Egor Kulkov invested in British medrobots

The former shareholder of Pharmstandard has now become the largest shareholder of the British start-up CMR. The enterprise plans to compete with already existing robots-surgeons da Vinci.
Origin source
In March 2018, Pharmstandard lost one of its most mysterious co-owners - Egor Kulkov. According to the company itself, it lost the status of the beneficiary of Cyprus Augment Investments Limited, which owns 96% of JSC "Pharmstandard". As Vademecum found out, health care remained in the sphere of the entrepreneur's interests, but their geography and profile changed. Now Yegor Kulkov is the largest shareholder of the British start-up CMR, which already this year wants to present to the public an alternative to the robotic surgeon da Vinci - cheaper, more compact and more convenient.

In the rating of the richest Russian businessmen Forbes, Yegor Kulkov occupies the 195th place with a capital of $ 500 million. The rating was prepared back in February. At that time, the major part of Kulkova's condition was the share in Pharmstandard, where, according to the Kommersant newspaper, he owned 30%. Kulkov is actually a co-founder of Pharmstandard. He studied at Novosibirsk State University on the same course with Viktor Kharitonin, in 1999 both became co-owners of Aresbank, and then, together, bought the UfaVita plant, which later became a member of Pharmstandard. In March 2018, the beneficiary of "Pharmstandard" Kulkov ceased to exist, and on this well-known information about him ends. No publication has ever managed to talk with him, his photos are not available for public access, the reasons for changing the composition of the shareholders of Pharmstandard are unknown.

But Vademecum managed to find the trace of Egor Kulkov in the British public health. Judging by the available documents, he has been the main shareholder of the ambitious project Cambridge Medical Robotics (CMR) for several years already. CMR is developing a surgical robot Versius, which, according to her plan, should put an end to the single dominance of da Vinci produced by the American Intuitive Surgical. The British think that their robot will be cheaper, easier, able to adapt to any surgical needs, and in addition, it will be easier to manage.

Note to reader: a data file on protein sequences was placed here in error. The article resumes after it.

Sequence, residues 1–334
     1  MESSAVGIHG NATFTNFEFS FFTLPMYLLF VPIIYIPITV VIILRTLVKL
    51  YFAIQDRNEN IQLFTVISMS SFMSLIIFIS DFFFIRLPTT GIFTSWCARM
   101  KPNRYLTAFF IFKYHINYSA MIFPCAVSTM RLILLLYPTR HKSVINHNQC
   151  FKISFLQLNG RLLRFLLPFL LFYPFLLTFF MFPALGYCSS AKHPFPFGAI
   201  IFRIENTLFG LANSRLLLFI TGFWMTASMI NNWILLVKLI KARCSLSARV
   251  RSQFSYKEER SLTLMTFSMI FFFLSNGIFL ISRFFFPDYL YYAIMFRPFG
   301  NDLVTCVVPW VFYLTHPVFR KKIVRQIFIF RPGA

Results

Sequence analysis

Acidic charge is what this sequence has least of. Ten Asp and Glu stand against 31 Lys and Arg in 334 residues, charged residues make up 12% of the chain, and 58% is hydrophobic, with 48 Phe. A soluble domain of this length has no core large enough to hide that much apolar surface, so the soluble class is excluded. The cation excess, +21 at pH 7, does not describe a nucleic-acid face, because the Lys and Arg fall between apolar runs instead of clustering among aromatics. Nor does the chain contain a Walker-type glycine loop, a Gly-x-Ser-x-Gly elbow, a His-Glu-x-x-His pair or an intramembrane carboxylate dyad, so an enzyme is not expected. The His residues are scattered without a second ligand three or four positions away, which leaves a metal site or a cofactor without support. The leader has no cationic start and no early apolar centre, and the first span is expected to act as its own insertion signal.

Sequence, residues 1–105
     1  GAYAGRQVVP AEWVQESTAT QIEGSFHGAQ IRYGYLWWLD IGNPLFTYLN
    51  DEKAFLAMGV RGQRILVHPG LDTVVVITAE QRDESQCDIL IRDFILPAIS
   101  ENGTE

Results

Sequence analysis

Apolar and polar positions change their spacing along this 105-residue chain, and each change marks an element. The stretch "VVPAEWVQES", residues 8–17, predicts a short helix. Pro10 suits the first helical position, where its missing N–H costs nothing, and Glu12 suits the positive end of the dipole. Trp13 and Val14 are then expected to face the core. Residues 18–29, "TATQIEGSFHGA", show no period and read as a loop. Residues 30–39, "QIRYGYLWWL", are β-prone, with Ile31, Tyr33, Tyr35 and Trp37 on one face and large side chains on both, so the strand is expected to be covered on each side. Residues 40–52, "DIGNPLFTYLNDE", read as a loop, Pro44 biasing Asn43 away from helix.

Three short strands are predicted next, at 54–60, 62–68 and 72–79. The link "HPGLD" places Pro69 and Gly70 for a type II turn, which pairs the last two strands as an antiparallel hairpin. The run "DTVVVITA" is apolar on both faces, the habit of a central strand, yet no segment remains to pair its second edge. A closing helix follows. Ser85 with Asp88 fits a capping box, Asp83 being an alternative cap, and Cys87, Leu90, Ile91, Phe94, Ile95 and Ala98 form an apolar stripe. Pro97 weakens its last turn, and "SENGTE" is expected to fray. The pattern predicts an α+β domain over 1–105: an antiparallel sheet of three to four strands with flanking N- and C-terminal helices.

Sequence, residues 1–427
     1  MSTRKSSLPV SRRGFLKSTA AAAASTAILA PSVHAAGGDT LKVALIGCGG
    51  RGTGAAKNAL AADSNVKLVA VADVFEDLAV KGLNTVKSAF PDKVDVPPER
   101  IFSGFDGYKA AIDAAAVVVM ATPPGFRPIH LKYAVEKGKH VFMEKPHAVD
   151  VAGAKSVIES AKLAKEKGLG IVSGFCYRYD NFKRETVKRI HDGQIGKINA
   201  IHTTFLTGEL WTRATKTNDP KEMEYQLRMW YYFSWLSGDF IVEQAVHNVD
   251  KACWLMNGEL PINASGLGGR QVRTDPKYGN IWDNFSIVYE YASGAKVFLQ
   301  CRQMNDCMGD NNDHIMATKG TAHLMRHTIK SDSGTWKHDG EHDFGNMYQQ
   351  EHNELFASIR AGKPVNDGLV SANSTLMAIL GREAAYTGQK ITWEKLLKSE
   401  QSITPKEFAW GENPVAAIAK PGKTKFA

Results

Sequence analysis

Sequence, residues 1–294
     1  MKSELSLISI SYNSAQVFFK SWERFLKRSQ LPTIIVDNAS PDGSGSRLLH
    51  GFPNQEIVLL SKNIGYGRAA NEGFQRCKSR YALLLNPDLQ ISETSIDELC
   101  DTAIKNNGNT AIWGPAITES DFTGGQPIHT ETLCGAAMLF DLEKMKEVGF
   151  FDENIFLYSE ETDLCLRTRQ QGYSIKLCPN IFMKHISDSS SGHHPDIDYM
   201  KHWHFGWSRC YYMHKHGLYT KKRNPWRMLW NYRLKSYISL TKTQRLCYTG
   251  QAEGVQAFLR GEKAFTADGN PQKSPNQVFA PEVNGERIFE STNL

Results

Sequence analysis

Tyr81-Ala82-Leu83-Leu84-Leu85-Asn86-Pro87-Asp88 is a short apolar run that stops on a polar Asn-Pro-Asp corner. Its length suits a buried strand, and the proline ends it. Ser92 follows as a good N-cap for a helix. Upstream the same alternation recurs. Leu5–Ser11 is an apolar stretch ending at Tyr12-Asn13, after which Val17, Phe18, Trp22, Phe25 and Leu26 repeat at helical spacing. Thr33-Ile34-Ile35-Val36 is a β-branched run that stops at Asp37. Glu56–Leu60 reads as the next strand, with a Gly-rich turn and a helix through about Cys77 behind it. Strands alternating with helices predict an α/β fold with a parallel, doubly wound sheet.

How will all this be achieved? In 2017, the fourth year of life, CMR first unveiled a photo of its development. 90% of the photo is taken by a black background, on which the outlines of a manipulator arm with a sharp sting at the end vaguely appear. "We specially made such a photo," explained Patrick Portage, representative of CMR, to Vademecum. "The market is very highly competitive, we must protect our know-how."


The permanent leader of the market of robotic assisted laparoscopy, da Vinci, about 20 years old. The very minimally invasive surgery, thanks to which he was born into the world, is not much older. In the 70s of the last century, they began to do the ligation of the fallopian tubes, by the beginning of the 1980s the surgeons had already mastered a whole series of gynecological operations through small incisions. And then, in the 80's, the story da Vinci began. Initially, it was developed by order of the military, to carry out operations directly on the battlefield - the surgeon who ran the robot could be in shelter. But then the company Intuitive Surgical acquired the development for civil use. Technology in those years seemed promising, there was a competitive struggle: two robots, Zeus and Aesop, were developed by Computer Motion. Between competitors there were violent patent disputes. But in the early 2000s Intuitive and Computer Motion agreed on a merger: it so happened that the player in the market actually remained alone. The revenue of Intuitive Surgical in 2017 reached $ 2.55 billion. The leader's yellow jersey allows the company to work with a very high net profit of 21% in 2017. To save their positions, about half of this amount Intuitive spends on R & D. The present da Vinci is already the fourth generation and exists in several variants.